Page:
If you're going to read blogs about the church you find a few basic themes. You have the nice folks who say nice things about Jesus and the bible and what they're learning lately. You have the political types who want to talk about who is doing something Christian or anti-Christian. You have the dooms-dayers who want to talk about the next up and coming anti-Christ. You have the social justice folks who have a new cause or a new tidbit of info on how we're furthering injustice. And then you have the peculiar strand of people who don't go to church, don’t like to call themselves Christian, and disagree with 87% of everything anyone says about God, but still have blogs on Christian websites like Patheos and Christianity Today.
More and more I'm finding these self-proclaimed emergents are rather odd facet of Christian writing. Firstly because I can't see what their motive in writing is to begin with.
Let’s say you hate knitting. You hate the cattiness of all the knitting clubs you used to be a part of. You think that the sweaters your parents made you wear were constricting. You think wool is out of fashion and irrelevant. You think that the process of knitting is tedious and the anger and frustration of not knitting well enough is unhealthy for your emotional state. Now imagine you then decide to create a blog centered around critiquing knitting patterns.
In the same way I'd like to ask, what's it to you? As someone in the knitting club, wouldn't it be a little justified to get a few feathers rumpled about an entire online community devoted to thinking about what a terrible group of people the knitters are?
Then realize for a moment that the church discussing community is not in some sort of Oceans 13 where these anti-knitters will sneak into the cassino-knitting-club-church and get the "bad guys." Because the Bad Guys don't exist, your misinformed aunt, abused pastor, and financially struggling family, are not the conniving crooks of emergent fetish.
I'm personally becoming so fed up with what I read about the church. In the end there is no such thing as ivory tower sharp shooters. No one relevant to the discussion is reading a scathing blog post and thinking "oh wow, that's so true, I am a terrible person." I don’t want to write to people who agree and yet draw their personal experiences of when they visited a church 15 years ago. I get the pain I get the frustration, but I refuse to make a straw-man of my past experiences. As C.S. Lewis reminisced about the passing of his wife and what "still having her memory" meant, "A corpse, a memory, and (in some versions) a ghost. All mockeries or horrors. Three more ways of spelling the word dead. It was H. I loved. As if I wanted to fall in love with my memory of her, an image in my own mind! It would be a sort of incest."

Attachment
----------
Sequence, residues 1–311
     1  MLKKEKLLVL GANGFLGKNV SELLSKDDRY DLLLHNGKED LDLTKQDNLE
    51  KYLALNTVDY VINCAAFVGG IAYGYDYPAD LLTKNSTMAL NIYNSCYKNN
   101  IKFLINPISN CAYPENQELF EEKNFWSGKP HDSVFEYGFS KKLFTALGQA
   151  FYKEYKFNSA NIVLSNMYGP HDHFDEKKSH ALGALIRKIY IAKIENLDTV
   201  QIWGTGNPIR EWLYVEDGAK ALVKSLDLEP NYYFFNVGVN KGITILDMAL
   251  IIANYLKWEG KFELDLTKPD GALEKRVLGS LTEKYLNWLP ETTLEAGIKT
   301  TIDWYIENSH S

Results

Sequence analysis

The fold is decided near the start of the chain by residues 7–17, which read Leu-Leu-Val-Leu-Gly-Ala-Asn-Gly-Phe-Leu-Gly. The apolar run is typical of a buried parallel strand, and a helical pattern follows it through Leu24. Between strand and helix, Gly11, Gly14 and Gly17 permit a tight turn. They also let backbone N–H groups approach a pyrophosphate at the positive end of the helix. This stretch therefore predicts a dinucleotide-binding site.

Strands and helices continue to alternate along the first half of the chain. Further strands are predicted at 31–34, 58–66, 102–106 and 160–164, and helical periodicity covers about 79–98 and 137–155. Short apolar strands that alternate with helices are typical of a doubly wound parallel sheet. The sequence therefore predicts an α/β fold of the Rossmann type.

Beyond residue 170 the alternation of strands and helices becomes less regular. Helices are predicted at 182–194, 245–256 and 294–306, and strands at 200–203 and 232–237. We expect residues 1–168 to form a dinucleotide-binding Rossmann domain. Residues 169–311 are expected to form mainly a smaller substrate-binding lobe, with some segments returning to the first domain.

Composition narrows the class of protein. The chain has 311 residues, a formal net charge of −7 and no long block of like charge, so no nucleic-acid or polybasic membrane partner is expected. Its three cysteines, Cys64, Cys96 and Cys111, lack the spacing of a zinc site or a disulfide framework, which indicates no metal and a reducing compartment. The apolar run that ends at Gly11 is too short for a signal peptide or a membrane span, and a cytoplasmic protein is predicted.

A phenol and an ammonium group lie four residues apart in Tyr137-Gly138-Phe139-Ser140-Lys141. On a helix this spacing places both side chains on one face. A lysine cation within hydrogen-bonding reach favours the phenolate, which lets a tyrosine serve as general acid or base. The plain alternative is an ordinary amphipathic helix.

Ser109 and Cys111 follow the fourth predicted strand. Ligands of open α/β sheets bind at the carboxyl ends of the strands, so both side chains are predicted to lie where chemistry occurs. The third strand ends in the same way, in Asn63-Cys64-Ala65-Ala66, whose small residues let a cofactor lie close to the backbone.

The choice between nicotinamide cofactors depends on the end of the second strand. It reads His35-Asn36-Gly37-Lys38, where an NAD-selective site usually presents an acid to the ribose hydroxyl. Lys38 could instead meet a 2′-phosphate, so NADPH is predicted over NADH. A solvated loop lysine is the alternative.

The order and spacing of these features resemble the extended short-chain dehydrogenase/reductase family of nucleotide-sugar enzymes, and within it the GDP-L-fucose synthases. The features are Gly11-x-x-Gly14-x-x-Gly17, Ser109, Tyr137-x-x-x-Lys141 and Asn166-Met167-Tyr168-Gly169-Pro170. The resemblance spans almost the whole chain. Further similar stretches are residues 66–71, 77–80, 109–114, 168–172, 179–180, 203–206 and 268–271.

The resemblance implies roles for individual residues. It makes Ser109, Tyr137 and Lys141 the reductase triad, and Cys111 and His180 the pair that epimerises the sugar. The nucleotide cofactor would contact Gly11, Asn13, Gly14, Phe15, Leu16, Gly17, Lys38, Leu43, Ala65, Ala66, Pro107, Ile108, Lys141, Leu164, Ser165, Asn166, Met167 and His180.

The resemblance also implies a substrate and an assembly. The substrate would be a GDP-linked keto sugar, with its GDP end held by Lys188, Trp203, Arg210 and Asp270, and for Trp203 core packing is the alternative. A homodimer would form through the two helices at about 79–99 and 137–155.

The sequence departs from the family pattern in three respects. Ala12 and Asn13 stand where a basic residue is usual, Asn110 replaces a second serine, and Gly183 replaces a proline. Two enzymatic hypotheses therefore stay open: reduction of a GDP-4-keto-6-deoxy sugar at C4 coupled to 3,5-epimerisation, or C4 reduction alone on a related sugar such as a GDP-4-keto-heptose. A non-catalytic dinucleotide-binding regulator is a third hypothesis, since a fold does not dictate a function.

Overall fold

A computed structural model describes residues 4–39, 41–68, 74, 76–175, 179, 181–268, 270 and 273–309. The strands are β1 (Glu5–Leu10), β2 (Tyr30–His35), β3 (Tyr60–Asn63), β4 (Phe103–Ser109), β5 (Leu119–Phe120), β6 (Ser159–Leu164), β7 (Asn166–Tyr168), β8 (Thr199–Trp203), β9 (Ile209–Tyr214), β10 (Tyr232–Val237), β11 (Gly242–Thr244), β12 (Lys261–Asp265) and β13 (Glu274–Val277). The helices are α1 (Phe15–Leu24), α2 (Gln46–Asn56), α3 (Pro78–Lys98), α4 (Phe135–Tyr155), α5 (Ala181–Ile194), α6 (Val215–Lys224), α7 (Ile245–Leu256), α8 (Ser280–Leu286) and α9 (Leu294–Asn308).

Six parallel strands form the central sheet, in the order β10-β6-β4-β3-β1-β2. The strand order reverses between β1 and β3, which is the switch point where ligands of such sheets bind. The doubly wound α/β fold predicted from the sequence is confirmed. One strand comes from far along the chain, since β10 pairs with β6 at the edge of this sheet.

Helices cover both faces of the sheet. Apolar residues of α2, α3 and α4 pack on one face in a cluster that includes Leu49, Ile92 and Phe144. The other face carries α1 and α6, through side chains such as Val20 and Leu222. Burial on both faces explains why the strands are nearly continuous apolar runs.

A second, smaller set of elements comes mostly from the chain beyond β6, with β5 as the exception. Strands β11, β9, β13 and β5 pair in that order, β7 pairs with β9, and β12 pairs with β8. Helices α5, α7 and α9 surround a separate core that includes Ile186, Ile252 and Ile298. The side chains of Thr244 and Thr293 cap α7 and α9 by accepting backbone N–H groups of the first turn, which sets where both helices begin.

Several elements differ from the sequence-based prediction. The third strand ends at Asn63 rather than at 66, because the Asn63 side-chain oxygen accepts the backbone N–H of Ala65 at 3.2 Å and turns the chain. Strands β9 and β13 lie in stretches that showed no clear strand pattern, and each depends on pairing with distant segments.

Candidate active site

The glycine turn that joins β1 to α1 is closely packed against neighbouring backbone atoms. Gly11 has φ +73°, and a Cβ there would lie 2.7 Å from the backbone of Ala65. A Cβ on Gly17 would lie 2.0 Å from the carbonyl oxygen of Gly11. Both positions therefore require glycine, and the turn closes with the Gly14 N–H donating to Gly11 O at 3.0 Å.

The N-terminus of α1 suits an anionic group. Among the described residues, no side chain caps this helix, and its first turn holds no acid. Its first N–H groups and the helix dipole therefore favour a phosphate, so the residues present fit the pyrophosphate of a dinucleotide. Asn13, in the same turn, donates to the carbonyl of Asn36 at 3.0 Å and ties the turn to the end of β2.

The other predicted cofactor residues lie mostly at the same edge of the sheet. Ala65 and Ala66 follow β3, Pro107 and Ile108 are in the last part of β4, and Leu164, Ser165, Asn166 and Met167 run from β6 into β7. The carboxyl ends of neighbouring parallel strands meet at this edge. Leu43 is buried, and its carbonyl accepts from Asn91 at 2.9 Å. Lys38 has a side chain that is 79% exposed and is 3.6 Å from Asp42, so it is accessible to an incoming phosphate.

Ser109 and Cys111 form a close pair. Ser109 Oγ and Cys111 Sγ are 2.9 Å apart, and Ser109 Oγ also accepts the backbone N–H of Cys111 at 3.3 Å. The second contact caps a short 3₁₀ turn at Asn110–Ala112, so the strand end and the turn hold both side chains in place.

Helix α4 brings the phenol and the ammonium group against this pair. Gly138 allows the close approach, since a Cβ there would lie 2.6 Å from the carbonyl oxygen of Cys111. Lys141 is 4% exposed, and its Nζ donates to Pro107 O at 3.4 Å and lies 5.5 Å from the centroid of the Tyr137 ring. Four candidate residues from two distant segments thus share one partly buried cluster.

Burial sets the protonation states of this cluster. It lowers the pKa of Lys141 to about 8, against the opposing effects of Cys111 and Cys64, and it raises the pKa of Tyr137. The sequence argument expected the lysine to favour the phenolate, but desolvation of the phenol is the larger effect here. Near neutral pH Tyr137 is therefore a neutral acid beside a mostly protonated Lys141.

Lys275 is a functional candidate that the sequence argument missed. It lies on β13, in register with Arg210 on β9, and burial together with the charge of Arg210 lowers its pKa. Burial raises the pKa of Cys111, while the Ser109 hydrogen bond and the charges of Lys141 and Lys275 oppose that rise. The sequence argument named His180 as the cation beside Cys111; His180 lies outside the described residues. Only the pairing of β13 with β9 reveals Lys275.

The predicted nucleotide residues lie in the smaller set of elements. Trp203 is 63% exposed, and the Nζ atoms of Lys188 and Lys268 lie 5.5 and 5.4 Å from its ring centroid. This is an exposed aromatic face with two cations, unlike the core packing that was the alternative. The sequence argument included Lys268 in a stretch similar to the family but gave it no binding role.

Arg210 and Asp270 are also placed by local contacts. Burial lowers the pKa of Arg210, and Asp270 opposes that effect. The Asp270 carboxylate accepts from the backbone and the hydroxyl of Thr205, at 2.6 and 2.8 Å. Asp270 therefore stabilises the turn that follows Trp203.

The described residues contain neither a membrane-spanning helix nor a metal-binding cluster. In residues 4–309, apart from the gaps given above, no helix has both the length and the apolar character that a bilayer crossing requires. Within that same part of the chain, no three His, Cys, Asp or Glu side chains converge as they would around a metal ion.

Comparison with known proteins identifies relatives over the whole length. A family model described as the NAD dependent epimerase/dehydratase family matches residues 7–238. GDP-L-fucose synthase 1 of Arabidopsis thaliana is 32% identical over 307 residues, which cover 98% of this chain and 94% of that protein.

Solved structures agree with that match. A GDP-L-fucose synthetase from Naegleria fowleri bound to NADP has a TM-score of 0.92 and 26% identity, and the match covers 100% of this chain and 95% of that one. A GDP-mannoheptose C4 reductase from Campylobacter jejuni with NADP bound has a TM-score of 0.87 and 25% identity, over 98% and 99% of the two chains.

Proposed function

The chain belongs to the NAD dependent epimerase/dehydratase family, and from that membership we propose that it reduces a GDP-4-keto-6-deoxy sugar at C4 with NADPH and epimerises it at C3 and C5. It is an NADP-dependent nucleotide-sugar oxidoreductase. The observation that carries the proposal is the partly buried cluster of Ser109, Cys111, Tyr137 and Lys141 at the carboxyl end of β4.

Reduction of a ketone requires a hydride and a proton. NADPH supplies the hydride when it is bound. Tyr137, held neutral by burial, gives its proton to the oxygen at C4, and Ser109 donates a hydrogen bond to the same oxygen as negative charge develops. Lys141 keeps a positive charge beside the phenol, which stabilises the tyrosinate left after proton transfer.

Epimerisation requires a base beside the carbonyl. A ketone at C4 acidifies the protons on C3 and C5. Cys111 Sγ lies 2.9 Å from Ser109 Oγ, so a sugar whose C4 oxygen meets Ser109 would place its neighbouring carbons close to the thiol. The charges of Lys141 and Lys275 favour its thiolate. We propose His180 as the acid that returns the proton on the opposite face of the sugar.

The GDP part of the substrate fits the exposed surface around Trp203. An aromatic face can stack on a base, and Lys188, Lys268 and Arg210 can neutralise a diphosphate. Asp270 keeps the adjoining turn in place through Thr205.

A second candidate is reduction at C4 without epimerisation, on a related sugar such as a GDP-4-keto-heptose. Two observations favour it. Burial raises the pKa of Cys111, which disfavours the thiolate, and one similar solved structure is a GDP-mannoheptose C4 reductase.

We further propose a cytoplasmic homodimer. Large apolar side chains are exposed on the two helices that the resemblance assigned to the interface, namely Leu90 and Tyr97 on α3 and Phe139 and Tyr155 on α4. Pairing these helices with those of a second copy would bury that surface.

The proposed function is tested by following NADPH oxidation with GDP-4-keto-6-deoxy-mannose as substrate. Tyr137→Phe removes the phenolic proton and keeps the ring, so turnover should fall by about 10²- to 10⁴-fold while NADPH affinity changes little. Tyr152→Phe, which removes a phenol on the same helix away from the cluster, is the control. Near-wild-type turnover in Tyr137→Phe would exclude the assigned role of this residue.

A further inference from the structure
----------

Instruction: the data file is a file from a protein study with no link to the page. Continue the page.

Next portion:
In a sense it is the same with the church. Those who have loved and those who love still the memory does only a small service. It is not the church now or even the church then as nostalgia has had its way in all of our minds. The church is not a building or a specific denomination, though it is both experientially. I'm not against experiential wisdom, only the complete disconnect to what is and what was and the assumed right to criticize after divorce. In a word, your ex-wife doesn't care if you think she looks good or not when you meet her on the street. She is all a combination of your past memories, your past fights, your present distance, and your new standards of womanhood--as she exists in a grid of your understanding, as everyone in our lives does--but she is not your wife. And the divide, be in in humiliation, heartbreak, or freedom, must be observed as a concrete fact within the relationship.